Ken Griffey was between seasons on Nov. 21, 1969. He had just hit .281 for the Reds’ Gulf League team – his first year in pro ball -- and was waiting to play in Sioux Falls in 1970. He did what made economic sense for a young man and his pregnant wife – they went home, which in this case was Donora, Pa.
Three generations have come through that hard town of zinc plants on the Monongahela River. Ken’s father, Buddy, was a great three-sport athlete at Donora High, whose teammate in basketball and baseball was a skinny kid named Stan Musial.
Years later, Musial would softly let it be known he had no problem playing with or against African-Americans because he had grown up with them as teammates.
Ken Griffey was also a three-sport athlete. Baseball was his weakest sport, but he signed with the Reds, and they taught him to hit. His first-born, Ken, Jr., happened to arrive on Stan Musial’s 49th birthday.
They love that bond, the old Cardinal and the retired Mariner. Somewhere I have a gorgeous color photo of Musial in a gaudy sport shirt and Junior in a Mariner uniform, both smiling. It was taken by Dick Collins, who photographed generations of Hall of Fame celebrations. If I ever get the photo scanned, I’ll put it up here. Meantime, Junior and Musial are linked forever, albeit with a melancholy date.
Stan the Man referred to John F. Kennedy as “my buddy.” They met one day in September of 1959 in Milwaukee when the campaigning senator from Massachusetts spotted the Cardinal bus, and sought out Musial, asking if he would campaign for him.
In October of 1960, Musial went on the road for a week in what are now called Red States. He had a rollicking good time travelling with James A. Michener, Byron (Whizzer) White, Arthur M. Schlesinger, Jr., Jeff Chandler, Ethel Kennedy and Joan Kennedy. In the 2011 biography, Stan Musial: An American Life, another of the campaigners, Angie Dickinson, raves about the athlete who made everybody laugh.
Musial always said he lost all nine states for the President, but it was more like 2-7.
Musial and JFK met again at the White House before the 1962 All-Star Game. The President noted that people thought he was too young and Musial too old to ply their respective trades. They laughed about that, two guys who knew they had it pretty good.
On Nov. 22, 1963, a lot of people did not feel like putting one foot after another, but Musial showed up at his restaurant and asked customers if everything was all right with their dinners. One customer who was there that night said he thought Musial showed up because people needed to see his familiar face. Truth or imagination, it was a nice thought.
All of us of a certain age remember where we were that day.
* * *.
The St. Louis Post-Dispatch has a nice Thanksgiving feature on Stan the Man::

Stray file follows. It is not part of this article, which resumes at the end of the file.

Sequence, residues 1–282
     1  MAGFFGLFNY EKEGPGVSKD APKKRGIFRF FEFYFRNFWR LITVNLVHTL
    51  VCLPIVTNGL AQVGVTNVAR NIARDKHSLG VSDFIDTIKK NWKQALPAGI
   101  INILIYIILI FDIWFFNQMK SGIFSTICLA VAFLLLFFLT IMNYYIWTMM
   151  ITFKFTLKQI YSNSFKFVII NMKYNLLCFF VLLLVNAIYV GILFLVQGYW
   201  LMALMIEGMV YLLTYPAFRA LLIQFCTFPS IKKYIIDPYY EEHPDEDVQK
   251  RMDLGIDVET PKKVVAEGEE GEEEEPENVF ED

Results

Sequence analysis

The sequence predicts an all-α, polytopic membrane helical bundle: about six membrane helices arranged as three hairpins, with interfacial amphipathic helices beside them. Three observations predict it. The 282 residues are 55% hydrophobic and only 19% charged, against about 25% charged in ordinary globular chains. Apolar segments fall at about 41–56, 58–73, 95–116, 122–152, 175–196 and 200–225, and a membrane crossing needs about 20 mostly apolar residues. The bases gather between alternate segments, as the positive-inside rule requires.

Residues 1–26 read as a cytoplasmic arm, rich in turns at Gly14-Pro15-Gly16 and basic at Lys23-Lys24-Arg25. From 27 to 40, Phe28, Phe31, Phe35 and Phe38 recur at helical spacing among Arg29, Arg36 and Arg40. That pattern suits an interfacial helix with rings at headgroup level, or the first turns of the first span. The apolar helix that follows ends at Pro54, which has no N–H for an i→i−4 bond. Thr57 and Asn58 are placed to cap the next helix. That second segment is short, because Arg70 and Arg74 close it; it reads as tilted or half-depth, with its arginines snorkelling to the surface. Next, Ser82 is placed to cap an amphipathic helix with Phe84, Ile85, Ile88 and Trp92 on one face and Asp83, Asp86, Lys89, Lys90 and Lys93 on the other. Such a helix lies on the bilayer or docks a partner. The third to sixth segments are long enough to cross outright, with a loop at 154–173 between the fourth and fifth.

THIS JUST IN: DAVID VECSEY WROTE A SWEET MEMORY OF THE SUMMER WHEN HE AND JUNIOR WERE BOTH BEING PRODUCTIVE IN SEATTLE.
11/23/2012 02:55:15 am
Geometry class. Really cute, tall young teacher with short, very curly dark blond hair whose natural expression was a smile -- permanent, probably even in her sleep. She was called out of the room, and when she came back she announced with wide blue eyes that the President had been shot. "So why are you smiling?" shouted out a not too good student. For the only time in my life I saw saw her smile disappear. It took effort. My first feeling was being very sorry.....for her.
11/23/2012 10:09:52 am
We were playing the Kennedy sport -- touch football -- in, of all names, Kennedy Park in Hempstead, Long Island. Bunch of Newsday guys and a couple of Mets in their off-season. Anita, Jake's fiancee, came running from the parking lot, saying,"They shot the President. The stock market is closed." We stopped playing.
11/24/2012 12:57:01 am
Never heard anything like that one before. School day/ work day. The original "casual Friday" was for newsies?
11/27/2012 12:31:57 pm
Interesting Times stuff on Miller today. All new to me. Does anyone have an assessment of his contribution to the game?
11/23/2012 01:12:24 pm
We were living in Tuscaloosa, Alabama and I was teaching at the University of Alabama where I was Co-director of the Speech and Hearing Clinic. Several colleagues were having lunch and we returned immediately. Peggy was taking classes and we got together and went home. I did not want to hear anyone, saying "good."
11/24/2012 03:29:37 am
Ed: There were so many hateful vibrations before that trip. When our friend said "they," I think many of us thought we knew what she meant. GV
11/27/2012 06:20:17 am
I was a senior at Hofstra, George's alma mater. Representing the Hofstra Chronicle at a journalism convention at Southern Illinois University, I had just entered my hotel room and sitting on the bed watching TV was a maid who was in tears. "They shot the president."
11/29/2012 04:15:14 am
The St. Louis Hall of Fame Museum has this as its lead item:
11/29/2012 10:35:04 am
Verenda, That hall was being reconstructed while I was working on the book., Glad to hear it is up and running, and that Stan the Man has a prominent place. Regards.
10/27/2016 04:09:55 pm
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From the great Maureen Dowd:
As I write this, I’m in a deserted newsroom in The Times’s D.C. office. After working at home for two years during Covid, I was elated to get back, so I could wander around and pick up the latest scoop.
But in the last year, there has been only a smattering of people whenever I’m here, with row upon row of empty desks. Sometimes a larger group gets lured in for a meeting with a platter of bagels."
--- Dowd writes about the lost world of journalists clustered in newsrooms at all hours, smoking, drinking, gossipping, making phone calls, typing, editing.
"Putting out the paper," we called it.
Much more than nostalgia.